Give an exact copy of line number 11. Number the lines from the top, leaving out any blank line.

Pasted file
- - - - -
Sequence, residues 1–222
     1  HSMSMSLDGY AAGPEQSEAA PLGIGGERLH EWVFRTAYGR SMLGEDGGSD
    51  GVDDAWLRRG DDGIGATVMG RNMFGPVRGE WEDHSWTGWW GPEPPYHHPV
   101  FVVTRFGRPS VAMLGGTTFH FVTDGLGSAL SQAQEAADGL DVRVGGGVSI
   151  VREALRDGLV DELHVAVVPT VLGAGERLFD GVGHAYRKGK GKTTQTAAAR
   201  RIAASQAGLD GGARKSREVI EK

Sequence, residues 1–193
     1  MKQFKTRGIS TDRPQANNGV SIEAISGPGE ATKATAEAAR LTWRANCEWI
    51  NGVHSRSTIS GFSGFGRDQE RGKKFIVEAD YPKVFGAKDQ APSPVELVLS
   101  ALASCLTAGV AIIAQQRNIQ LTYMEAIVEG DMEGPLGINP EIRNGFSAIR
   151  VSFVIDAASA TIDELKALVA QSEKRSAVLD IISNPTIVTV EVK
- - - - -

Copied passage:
   151  VSFVIDAASA TIDELKALVA QSEKRSAVLD IISNPTIVTV EVK